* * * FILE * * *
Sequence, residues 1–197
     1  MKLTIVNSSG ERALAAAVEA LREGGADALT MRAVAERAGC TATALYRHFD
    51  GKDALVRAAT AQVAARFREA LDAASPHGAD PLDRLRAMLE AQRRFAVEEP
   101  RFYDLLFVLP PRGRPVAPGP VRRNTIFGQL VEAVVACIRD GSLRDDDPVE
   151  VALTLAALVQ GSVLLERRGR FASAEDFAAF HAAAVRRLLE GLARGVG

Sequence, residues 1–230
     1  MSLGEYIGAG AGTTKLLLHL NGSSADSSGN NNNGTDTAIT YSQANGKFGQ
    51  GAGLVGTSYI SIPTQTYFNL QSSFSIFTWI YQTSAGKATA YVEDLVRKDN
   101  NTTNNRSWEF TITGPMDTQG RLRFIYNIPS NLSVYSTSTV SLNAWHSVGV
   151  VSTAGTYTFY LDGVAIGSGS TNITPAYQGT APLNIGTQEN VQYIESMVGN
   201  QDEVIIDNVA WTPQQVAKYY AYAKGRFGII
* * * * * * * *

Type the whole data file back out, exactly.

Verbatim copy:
Sequence, residues 1–197
     1  MKLTIVNSSG ERALAAAVEA LREGGADALT MRAVAERAGC TATALYRHFD
    51  GKDALVRAAT AQVAARFREA LDAASPHGAD PLDRLRAMLE AQRRFAVEEP
   101  RFYDLLFVLP PRGRPVAPGP VRRNTIFGQL VEAVVACIRD GSLRDDDPVE
   151  VALTLAALVQ GSVLLERRGR FASAEDFAAF HAAAVRRLLE GLARGVG

Sequence, residues 1–230
     1  MSLGEYIGAG AGTTKLLLHL NGSSADSSGN NNNGTDTAIT YSQANGKFGQ
    51  GAGLVGTSYI SIPTQTYFNL QSSFSIFTWI YQTSAGKATA YVEDLVRKDN
   101  NTTNNRSWEF TITGPMDTQG RLRFIYNIPS NLSVYSTSTV SLNAWHSVGV
   151  VSTAGTYTFY LDGVAIGSGS TNITPAYQGT APLNIGTQEN VQYIESMVGN
   201  QDEVIIDNVA WTPQQVAKYY AYAKGRFGII